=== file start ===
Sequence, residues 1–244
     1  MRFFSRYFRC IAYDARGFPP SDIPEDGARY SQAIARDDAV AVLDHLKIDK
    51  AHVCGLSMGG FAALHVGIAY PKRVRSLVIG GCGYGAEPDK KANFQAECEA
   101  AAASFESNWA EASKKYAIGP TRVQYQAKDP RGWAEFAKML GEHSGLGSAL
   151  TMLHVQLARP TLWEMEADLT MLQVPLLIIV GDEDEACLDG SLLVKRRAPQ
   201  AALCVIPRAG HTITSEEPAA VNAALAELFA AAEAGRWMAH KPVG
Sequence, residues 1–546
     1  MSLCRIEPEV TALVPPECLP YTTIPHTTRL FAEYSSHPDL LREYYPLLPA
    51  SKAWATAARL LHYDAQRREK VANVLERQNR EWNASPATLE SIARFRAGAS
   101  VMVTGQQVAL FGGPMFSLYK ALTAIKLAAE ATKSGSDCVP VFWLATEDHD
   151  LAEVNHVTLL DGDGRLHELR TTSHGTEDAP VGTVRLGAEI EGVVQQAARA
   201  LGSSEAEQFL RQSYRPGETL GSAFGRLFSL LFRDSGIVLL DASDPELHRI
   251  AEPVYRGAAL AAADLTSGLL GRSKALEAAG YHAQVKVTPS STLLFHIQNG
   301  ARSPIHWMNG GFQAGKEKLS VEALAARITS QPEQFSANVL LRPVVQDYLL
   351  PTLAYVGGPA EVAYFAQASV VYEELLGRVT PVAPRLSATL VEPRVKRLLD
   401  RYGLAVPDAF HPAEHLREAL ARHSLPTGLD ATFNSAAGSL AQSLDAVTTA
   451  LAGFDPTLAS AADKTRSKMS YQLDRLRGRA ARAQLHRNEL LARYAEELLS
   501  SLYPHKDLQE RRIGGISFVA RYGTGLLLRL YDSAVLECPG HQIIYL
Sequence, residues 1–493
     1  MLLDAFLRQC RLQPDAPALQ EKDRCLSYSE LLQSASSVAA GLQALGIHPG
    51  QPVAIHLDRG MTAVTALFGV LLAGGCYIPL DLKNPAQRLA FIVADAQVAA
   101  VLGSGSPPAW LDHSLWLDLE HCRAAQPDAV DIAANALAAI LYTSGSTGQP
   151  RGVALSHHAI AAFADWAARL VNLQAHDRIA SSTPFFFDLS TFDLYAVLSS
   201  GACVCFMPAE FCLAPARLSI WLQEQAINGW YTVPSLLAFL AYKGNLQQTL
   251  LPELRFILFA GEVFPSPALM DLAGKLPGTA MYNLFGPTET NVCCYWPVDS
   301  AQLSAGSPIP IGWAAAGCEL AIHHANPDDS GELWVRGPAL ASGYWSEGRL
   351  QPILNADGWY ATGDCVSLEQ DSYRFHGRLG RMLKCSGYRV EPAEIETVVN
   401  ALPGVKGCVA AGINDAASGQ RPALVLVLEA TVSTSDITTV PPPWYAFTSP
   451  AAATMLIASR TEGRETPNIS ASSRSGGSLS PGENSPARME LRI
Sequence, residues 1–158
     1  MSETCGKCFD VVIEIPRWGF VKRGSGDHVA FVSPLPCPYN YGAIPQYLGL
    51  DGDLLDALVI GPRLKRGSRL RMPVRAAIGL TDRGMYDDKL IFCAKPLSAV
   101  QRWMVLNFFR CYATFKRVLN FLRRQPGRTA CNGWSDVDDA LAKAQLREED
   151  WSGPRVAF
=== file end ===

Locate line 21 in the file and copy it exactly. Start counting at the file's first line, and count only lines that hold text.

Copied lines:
    51  QPVAIHLDRG MTAVTALFGV LLAGGCYIPL DLKNPAQRLA FIVADAQVAA